Smoking Opium Exclusion Act
When did American drug Prohibition start? Most would place the starting date at the passage of the Harrison Narcotic Act in1914, but a better choice would be the passage of the Smoking Opium Exclusion Act of 1909.
The Smoking Opium Exclusion Act was the first federal statute to prohibit the importation or sale of any specific drug and was the only one until the Volstead Act prohibited alcohol in 1919. This Act prohibited opium in the form prepared for inhalation through smoking although importation and sale of other opium preparations and derivatives, including morphine and heroin, was still allowed.
Like most statutes, the Exclusion Act arose from a mixed heritage. It came from Manifest Destiny and American Imperialism, from growing international trade, from Xenophobia, and from the Puritanism of the growing Prohibition movement.
By the end of the Civil War the United States reached from coast to coast and then rapidly filled in the intervening empty spaces. The urge to expand – known as “Manifest Destiny” -- began looking overseas. The Kingdom of Hawai’i was annexed, and the Spanish-American War added Puerto Rico and the Philippine Islands, As American control expanded, so did American commerce; and both soon collided with the British Empire. The focus of this conflict was China, up until that time, firmly under Britain’s thumb.
Administering the Philippines presented a new problem. Spanish rule had allowed licensed opium shops to sell to Chinese immigrants, and the new U. S. authorities had to decide whether to continue the operation of those shops. The governor’s advisor charged with deciding this question was an Episcopalian bishop who was a leader in the Prohibitionist movement. Part of his investigation was to look at opium use in Hong Kong. He called for a conference to look into the opium issue worldwide to meet in Hong Kong in 1907. Representatives from many of the leading nations attended.
The timing and subject of the conference were timely and auspicious. China was undergoing a civil war (known as the Boxer Rebellion) that had unseated the emperor and had seriously weakened British power in China. The remaining British influence was largely based on its militarily-maintained control of the Chinese opium trade (at least twenty-five per cent of Chinese men were estimated to be habitual smokers). If that monopoly could be broken, entry by the U. S. and others into Chinese trade would be opened. The conference called for a formal convention of all major powers to control the opium trade to meet in 1911. All of the 1907 parties agreed to participate.
America had to figure out how to take advantage of this opportunity to move to the front internationally. All the facts pointed to the need for some effort of internal opium control to show leadership on the issue. Constitutional interpretation at that time allowed for little scope of action on the criminal or medical fronts. The situation in California provided a way to act.
Californians had hated and feared their Chinese immigrants at least since the Gold Rush of 1849. One of the major focuses of this xenophobia was the opium den, frequently the social center of the Chinese enclaves in Californian towns. One wide-spread fear was that the opium dens served as lures to draw innocent white girls into lives of depravity.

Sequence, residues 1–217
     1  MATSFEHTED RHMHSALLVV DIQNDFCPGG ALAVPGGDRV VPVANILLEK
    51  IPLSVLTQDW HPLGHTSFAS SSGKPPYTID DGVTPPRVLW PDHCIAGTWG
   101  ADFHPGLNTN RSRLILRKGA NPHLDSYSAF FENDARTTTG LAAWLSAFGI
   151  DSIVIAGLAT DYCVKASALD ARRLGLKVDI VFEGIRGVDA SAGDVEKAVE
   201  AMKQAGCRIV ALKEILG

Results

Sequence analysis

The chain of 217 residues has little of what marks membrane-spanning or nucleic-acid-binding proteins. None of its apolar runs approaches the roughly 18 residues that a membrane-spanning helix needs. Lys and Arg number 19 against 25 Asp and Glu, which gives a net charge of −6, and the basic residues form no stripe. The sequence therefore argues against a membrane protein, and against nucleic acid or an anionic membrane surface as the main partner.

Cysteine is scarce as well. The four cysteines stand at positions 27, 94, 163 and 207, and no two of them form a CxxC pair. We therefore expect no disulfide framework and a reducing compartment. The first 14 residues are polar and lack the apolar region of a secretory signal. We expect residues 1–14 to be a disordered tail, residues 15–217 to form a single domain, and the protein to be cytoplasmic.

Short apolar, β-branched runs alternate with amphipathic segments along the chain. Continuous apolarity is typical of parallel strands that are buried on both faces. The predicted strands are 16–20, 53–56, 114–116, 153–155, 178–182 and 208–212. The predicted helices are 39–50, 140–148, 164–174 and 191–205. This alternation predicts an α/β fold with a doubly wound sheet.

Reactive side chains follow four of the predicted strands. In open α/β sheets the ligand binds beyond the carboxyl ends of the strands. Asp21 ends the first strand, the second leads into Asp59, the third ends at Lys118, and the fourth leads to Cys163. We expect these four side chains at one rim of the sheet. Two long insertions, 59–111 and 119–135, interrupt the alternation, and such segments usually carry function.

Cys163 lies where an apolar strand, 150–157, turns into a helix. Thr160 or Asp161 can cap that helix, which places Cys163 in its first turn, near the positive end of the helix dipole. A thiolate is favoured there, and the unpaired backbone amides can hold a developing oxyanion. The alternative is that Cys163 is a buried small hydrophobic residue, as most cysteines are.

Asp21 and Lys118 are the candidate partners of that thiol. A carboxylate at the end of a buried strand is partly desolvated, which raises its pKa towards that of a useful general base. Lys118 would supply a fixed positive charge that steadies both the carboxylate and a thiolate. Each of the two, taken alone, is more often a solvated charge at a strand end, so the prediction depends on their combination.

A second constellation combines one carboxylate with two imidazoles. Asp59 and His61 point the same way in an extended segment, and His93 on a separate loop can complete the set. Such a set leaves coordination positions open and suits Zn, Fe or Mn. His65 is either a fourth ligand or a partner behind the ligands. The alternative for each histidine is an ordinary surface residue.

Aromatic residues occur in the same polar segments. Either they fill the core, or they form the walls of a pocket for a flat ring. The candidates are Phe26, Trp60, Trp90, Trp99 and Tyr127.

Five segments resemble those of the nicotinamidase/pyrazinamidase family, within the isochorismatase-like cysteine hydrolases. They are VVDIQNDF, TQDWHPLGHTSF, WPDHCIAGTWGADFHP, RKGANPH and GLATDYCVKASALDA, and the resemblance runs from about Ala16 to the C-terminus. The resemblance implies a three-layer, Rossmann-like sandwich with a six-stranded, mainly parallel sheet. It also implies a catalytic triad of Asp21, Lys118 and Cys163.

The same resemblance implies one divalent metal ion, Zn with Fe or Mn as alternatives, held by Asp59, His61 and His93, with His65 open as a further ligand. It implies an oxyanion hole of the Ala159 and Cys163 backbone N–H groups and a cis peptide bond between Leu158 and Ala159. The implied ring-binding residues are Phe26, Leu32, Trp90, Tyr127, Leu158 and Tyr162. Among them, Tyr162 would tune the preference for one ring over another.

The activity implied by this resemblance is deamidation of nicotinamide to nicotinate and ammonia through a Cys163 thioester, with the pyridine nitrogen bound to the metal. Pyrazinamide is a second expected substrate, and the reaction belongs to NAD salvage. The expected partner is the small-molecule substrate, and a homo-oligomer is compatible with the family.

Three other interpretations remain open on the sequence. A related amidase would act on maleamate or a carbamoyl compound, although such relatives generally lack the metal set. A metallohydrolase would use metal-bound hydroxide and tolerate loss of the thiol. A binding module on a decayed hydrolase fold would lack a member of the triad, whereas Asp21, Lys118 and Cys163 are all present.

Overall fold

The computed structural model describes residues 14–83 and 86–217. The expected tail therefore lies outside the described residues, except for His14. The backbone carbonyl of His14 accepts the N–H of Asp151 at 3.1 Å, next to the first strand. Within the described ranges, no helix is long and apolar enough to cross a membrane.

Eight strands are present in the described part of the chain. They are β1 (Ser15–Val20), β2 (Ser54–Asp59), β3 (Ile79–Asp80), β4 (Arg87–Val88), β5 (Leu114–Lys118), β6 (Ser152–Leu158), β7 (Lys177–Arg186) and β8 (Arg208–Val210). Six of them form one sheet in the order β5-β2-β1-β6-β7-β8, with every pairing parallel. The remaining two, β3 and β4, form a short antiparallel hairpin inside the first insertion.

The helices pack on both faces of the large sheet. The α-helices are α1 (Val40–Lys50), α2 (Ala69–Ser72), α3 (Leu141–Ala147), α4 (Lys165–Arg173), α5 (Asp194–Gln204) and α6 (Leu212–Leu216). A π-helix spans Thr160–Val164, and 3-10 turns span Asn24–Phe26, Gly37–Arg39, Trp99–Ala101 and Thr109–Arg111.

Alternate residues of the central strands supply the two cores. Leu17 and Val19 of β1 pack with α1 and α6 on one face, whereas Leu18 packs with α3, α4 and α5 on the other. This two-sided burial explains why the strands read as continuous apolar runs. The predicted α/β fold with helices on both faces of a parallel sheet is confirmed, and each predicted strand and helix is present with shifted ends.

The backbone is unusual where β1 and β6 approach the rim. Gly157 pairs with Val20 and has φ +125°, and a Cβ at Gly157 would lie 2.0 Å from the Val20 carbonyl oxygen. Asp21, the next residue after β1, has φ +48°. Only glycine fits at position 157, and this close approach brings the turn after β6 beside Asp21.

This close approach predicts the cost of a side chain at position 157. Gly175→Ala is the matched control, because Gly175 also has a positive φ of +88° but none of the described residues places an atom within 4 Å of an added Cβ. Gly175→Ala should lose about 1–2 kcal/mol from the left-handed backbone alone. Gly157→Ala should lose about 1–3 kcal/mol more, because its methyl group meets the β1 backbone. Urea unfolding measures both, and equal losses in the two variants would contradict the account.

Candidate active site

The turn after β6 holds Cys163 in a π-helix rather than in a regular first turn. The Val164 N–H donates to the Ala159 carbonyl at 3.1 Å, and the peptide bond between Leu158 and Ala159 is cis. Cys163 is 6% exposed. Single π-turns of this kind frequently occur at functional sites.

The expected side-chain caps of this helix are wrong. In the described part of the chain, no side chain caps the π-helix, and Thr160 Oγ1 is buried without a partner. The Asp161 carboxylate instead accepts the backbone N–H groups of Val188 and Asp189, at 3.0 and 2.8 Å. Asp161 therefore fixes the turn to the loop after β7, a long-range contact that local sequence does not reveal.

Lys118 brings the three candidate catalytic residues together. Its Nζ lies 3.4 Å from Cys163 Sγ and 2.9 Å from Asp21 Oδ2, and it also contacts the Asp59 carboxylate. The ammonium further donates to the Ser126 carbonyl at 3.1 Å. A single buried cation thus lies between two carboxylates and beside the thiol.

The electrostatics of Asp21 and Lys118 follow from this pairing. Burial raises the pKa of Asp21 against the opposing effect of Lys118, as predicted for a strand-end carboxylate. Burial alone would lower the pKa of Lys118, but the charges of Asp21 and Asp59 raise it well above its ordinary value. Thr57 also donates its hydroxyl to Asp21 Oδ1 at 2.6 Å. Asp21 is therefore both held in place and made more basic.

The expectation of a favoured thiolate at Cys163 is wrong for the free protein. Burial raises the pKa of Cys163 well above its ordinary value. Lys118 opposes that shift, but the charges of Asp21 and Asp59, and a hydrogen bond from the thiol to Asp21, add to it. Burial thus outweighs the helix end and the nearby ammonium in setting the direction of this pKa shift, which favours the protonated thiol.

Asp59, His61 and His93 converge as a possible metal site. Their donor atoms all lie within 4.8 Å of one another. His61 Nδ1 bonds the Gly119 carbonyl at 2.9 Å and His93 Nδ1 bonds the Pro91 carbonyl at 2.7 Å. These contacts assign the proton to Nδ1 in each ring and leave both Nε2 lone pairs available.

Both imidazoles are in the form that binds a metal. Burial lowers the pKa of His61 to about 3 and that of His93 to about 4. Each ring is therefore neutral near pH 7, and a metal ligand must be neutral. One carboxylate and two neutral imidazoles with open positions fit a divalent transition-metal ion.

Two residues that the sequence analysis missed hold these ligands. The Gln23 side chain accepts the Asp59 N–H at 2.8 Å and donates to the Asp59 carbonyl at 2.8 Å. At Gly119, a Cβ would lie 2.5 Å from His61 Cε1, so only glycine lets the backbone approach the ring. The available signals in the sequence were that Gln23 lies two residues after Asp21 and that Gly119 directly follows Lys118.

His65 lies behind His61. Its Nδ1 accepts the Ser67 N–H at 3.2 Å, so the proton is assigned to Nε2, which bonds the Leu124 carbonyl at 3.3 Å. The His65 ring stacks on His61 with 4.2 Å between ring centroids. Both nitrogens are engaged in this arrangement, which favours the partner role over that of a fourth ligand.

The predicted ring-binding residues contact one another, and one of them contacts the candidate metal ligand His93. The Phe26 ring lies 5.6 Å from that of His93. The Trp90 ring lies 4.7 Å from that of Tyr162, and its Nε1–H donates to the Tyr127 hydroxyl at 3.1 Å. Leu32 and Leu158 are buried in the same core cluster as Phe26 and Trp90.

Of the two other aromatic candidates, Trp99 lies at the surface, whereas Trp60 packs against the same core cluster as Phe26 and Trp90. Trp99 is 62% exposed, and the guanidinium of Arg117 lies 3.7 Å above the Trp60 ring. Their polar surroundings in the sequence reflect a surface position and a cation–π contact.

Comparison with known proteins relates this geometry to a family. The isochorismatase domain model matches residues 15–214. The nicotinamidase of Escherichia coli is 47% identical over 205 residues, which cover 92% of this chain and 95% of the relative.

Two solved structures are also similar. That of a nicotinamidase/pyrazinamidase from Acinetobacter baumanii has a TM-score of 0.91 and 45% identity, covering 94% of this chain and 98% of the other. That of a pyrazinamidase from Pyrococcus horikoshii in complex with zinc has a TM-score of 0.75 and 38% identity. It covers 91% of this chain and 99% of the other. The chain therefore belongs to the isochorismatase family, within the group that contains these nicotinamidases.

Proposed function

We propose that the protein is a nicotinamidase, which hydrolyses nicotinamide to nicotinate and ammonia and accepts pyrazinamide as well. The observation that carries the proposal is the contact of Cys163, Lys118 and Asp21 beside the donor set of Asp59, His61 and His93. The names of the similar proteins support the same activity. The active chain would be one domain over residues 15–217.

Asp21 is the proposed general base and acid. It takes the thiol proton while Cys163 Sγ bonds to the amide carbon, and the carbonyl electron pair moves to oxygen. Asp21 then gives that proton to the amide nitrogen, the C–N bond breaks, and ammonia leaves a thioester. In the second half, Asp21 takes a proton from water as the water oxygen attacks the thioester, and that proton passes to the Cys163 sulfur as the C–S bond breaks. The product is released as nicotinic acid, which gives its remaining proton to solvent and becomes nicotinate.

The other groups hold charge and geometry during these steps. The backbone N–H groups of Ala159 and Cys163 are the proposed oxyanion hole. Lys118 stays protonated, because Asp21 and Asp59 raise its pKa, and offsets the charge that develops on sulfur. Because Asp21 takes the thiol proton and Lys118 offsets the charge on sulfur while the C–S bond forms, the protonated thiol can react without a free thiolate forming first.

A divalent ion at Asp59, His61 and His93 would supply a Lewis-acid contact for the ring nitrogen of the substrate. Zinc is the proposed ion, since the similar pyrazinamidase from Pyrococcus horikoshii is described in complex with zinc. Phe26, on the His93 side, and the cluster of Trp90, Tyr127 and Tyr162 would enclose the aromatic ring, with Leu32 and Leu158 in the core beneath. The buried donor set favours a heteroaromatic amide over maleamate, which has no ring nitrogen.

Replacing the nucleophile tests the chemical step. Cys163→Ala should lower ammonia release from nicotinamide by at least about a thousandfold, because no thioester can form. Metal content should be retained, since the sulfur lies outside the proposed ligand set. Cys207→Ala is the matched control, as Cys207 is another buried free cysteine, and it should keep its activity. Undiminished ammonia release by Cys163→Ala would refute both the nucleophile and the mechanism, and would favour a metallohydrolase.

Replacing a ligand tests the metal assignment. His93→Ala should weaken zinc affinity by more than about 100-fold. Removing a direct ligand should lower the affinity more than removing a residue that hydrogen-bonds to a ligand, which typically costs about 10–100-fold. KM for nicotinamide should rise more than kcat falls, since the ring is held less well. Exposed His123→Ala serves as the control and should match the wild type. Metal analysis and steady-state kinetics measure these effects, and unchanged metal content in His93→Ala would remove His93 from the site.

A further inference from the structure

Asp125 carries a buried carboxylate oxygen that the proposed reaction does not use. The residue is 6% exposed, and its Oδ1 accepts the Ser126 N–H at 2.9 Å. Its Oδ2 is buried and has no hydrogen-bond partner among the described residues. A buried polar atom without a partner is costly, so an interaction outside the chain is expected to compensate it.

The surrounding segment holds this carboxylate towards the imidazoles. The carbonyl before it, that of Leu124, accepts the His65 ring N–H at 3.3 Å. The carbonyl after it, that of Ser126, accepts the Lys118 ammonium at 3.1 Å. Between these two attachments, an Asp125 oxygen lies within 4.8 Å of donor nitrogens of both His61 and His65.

In the early years of the twentieth century, smoking opium had leaked from the Chinatowns to the liberated youth (of both sexes) who had fled the stifling aura of small towns and rural countrysides for the economic and social freedom of the great cities. Opium and cocaine, dancehalls and theaters were part of the new society that built away from the censoring eye of families and neighbors.
Smoking opium, all of which entered across the national border, was something within the federal power to control; and that control would position the U. S. as a leader in the fight to limit the opium trade, embarrass the British, help the Californians against the Chinese invaders, and throw a sop to the Prohibitionists. The Act was passed, forbidding the import of opium prepared for smoking. Ironically, while mild smoking opium (about seven per cent morphine) was banned, the stronger medicinal opium (around ten percent) was still freely imported and sold, as were the full-strength opiates, morphine and heroin.
Enforcement of the act began almost immediately. A smuggler moving smoking opium from Mexico into El Paso was arrested and sentenced to federal prison in 1910. This incident opened a dreary history in Mexican-American relations. The smuggling moved from opium in 1910 to booze in the 1920s, to heroin during WWII when shipping from overseas was stopped, to marijuana starting in the 1970s, and then adding cocaine and methamphetamine – and continuing today.
Unintended consequences also followed the act. The price of opium soared almost at once, and availability became problematic. Users soon found that they could simply step into the drugstore and legally buy heroin for much less than opium cost. As a result, when the Harrison Narcotic Tax Act made morphine harder to obtain, the street trade was ready to supply heroin to the users. As the older medical opium and morphine habitués dwindled away, the urban heroin users became the most visible narcotic users; and they provided the image of the addict that developed in the 1920s and is still dominant today.
Next year marks the centenary of the Harrison Act. But before we gather to mourn its longevity, we should remind ourselves that drug Prohibition actually started five years earlier – with the Smoking Opium Exclusion Act of 1909.